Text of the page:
Worldwide PC shipments fell below expectations during the third quarter, according to market research firms Gartner and IDC. Each found commercial refresh projects to be on target, but consumer spending sluggish, a trend each partly attributed to the hype surrounding tablet PCs, such as the Apple iPad.
While iPad sales weren't figured into PC shipment estimates, anticipation of new tablets, scheduled to arrive in time for the holidays, likely led some consumers to hold off on purchases, Gartner and IDC said in separate Oct. 13 reports.
"Media tablets don't replace primary PCs, but they affect PC purchases in many ways," Mikako Kitagawa, a principal analyst at Gartner, said in a statement. "At this stage, hype around media tablets has led consumers and the channels to take a -wait and see' approach to buying a new device."
Gartner estimated that worldwide PC shipments grew 7.6 percent during the quarter - a figure well below its anticipated projection of 12.7 percent - on worldwide shipments of 88.3 million units. IDC, on estimated shipments of 89.6 million units, reported quarterly growth of 11 percent.
Worldwide, Hewlett-Packard led the market, despite a generally flat year, followed by Acer and then Dell - which grew nearly 10 percent year-on-year. In the United States, the firms agreed that HP again led, followed by Dell. But Gartner found Acer, which generally competes neck-and-neck with Dell, to occupy the third position, followed by Apple in fourth, while IDC reported that the number-three spot went to Apple.
"Apple's influence on the PC market continues to grow, particularly in the U.S., as the company's iPad has had some negative impact on the mini-notebook market," IDC's Bob O'Donnell said in a statement. "But the halo effect of the device also helped propel Mac sales and moved the company into the number three position in the U.S. market."
According to IDC, HP claimed 24.3 percent of U.S. market share on shipments of 4.6 million units (a year-on-year growth of just 2.7 percent), and Dell shipped 4.4 million units for 23.1 percent market share, despite a year-on-year shift of negative 4.9 percent. Apple reportedly shipped 1.999 million units for 10.6 percent market share - a growth of 24.1 percent year-on-year growth - while fourth-place Acer shipped 1.949 million units for 10.3 percent market share and a growth of just 0.1 percent.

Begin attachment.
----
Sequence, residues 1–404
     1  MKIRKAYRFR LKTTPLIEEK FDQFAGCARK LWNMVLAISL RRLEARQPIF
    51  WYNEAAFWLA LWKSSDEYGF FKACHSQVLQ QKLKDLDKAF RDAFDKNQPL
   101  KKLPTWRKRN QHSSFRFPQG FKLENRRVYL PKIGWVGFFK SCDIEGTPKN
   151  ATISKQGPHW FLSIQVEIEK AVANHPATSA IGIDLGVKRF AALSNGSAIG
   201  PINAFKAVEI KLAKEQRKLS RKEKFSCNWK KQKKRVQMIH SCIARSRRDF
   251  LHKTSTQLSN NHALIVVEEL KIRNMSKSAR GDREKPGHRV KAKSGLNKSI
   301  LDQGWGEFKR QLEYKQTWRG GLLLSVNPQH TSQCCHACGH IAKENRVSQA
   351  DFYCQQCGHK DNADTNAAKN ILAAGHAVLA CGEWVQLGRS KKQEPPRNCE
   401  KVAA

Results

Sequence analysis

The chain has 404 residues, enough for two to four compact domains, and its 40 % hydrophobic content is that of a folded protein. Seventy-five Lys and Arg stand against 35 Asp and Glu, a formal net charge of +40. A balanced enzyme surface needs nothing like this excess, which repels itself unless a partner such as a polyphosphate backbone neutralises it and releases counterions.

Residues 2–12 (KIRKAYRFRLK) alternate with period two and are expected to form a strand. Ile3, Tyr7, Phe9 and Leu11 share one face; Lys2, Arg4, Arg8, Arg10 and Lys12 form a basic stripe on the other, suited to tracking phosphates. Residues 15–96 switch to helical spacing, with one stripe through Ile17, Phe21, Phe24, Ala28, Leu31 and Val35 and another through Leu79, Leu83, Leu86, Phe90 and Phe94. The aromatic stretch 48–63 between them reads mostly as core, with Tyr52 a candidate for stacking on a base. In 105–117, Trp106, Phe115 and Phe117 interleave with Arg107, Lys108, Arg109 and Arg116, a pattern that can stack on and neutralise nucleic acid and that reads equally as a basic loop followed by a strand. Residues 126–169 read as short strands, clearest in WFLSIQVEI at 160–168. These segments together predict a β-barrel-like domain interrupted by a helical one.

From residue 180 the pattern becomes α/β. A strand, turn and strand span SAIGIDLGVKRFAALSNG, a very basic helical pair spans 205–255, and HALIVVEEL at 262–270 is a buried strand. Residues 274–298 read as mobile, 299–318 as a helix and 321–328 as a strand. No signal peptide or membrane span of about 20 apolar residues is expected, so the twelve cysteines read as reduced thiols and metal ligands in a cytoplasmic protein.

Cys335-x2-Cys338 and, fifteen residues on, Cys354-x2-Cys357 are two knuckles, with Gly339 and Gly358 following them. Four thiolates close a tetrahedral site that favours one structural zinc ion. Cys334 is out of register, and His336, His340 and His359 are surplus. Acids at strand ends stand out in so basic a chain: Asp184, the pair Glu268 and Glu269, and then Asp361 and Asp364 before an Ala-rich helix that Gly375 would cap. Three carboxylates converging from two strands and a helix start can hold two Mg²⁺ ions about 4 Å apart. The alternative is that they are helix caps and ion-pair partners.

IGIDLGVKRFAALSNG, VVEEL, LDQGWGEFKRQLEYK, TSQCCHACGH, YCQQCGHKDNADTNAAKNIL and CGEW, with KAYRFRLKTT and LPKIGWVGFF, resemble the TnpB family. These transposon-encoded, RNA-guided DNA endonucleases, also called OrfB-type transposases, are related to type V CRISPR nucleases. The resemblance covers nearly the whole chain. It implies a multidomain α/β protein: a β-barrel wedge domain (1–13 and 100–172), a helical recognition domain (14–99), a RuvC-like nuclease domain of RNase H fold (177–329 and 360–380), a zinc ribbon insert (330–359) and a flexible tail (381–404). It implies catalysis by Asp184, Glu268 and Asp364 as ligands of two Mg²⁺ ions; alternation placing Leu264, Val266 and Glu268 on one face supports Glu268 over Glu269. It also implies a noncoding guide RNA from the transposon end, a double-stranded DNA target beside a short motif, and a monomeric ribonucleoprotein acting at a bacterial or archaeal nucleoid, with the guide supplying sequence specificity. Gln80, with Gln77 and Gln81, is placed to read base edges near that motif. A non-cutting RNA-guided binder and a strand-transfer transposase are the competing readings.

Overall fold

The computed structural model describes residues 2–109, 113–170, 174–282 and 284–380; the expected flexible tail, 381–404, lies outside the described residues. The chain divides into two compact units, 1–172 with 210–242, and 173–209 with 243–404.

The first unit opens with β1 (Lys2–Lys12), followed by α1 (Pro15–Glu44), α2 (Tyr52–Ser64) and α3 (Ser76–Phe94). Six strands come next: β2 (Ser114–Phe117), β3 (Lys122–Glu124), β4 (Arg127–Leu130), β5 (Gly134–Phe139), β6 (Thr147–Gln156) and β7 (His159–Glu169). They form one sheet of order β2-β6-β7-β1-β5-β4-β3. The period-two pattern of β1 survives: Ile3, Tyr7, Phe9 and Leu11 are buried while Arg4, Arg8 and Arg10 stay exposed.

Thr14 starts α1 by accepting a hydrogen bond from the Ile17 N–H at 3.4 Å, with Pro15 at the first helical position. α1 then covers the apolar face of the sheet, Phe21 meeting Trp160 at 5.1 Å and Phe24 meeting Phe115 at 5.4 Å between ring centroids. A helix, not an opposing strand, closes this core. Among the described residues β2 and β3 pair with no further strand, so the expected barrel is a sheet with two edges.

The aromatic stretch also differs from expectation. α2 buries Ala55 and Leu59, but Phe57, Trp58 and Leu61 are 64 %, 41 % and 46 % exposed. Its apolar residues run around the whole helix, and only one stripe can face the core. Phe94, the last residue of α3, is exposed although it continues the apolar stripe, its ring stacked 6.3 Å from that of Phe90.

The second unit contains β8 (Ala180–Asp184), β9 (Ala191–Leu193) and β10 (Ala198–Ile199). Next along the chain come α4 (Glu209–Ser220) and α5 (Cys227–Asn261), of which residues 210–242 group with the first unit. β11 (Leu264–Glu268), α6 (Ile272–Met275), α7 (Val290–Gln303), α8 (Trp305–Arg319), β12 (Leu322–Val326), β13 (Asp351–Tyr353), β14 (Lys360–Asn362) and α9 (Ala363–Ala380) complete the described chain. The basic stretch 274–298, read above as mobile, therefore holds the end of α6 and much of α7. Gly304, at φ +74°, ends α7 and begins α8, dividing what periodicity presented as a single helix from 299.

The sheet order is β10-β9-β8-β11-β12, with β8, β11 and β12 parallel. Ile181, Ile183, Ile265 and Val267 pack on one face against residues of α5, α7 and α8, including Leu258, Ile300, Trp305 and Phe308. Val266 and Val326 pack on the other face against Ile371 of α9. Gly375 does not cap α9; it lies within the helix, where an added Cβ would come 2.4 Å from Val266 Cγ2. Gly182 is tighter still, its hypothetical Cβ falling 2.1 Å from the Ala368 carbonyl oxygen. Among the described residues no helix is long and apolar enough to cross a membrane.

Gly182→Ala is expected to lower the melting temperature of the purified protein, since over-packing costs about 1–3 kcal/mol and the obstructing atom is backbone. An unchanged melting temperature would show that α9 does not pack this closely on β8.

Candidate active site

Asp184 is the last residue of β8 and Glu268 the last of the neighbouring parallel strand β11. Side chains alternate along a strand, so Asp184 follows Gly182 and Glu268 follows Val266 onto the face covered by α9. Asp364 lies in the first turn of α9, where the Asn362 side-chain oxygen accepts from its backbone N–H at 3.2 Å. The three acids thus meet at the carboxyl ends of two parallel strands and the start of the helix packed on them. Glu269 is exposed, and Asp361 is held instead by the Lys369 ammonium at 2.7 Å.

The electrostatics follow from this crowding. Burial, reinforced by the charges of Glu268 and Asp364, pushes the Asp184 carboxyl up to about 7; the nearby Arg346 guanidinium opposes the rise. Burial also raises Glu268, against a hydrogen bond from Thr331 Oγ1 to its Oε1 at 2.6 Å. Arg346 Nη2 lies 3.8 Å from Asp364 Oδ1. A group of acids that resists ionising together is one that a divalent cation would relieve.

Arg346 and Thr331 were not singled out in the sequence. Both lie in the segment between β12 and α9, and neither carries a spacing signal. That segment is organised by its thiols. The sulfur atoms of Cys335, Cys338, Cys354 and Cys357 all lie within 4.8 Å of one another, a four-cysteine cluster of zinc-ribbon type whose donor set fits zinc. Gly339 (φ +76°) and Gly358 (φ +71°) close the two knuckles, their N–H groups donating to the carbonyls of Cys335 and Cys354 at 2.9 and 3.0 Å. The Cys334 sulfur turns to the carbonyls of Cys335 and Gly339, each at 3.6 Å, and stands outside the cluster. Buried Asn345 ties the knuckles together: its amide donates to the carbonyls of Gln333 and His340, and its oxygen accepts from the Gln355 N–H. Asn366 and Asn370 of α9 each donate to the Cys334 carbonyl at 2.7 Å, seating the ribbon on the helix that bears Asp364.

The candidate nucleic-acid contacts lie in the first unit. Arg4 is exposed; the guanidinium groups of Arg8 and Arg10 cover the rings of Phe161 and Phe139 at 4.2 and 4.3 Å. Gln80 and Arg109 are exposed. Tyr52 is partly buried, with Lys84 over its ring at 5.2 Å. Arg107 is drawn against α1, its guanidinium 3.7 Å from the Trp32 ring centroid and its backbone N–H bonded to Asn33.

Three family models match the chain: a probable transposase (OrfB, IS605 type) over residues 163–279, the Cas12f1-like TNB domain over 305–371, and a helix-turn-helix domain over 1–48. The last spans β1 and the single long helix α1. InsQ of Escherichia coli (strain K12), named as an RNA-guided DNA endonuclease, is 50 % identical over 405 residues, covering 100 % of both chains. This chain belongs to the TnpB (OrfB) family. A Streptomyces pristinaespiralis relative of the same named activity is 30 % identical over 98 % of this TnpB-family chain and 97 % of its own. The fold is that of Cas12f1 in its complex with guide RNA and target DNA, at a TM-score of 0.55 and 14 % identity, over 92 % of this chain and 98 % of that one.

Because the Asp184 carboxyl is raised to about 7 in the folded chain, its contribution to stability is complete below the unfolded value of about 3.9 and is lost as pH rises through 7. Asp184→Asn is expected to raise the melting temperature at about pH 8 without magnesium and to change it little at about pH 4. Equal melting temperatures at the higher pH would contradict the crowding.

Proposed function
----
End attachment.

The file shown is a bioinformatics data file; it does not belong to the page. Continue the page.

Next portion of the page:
Gartner estimated that 25.3 percent of the U.S. market went to HP, on shipments of 4.5 million units; 23.8 percent went to Dell, on 4.2 million units and Acer claimed 10.5 percent market share on shipments of 1.85 million units. Just behind Acer, it found Apple to be fourth place, shipping 1.83 million units for 10.4 percent of the market.
By both accounts, Lenovo, gaining more than 30 percent during the quarter, was the number-four player worldwide, Asus also on strong sales, thanks to the Asia/Pacific region, finished in fifth place worldwide, and Toshiba, also growing above the market average, finished in sixth place. In the United States, again putting in a strong performance, Toshiba finished in fifth, with approximately 9 percent market share.
Gartner's Kitagawa said back-to-school sales in the United States were weak not because students weren't buying PCs, but because the nonstudents usually attracted to back-to-school promotions held off, again because of tablet PCs.
"These buyers were influenced by media tablet introductions, as well as the still-gloomy economy," said Kitagawa, "since these buyers do not have an immediate need to purchase a PC."
Chip makers Intel and Advanced Micro Devices both lowered their third-quarter expectations due to weakening consumer PC demand. During their earnings call Oct. 12, Intel officials said consumer demand in both the United States and Western Europe were down, but that that corporate purchase and sales in emerging markets helped Intel hit record financial numbers for the quarter. Intel saw more than $11 billion in revenue during those three months. AMD is scheduled to release its third-quarter financial numbers Oct. 14.
Still, the quarter ended strong, IDC analyst Jay Chou said the statement, offering hope for the fourth quarter.
"Lower PC component costs, budding excitement around new media-centric form factors and continued business buying should still make for a competitive holiday season," said Chou.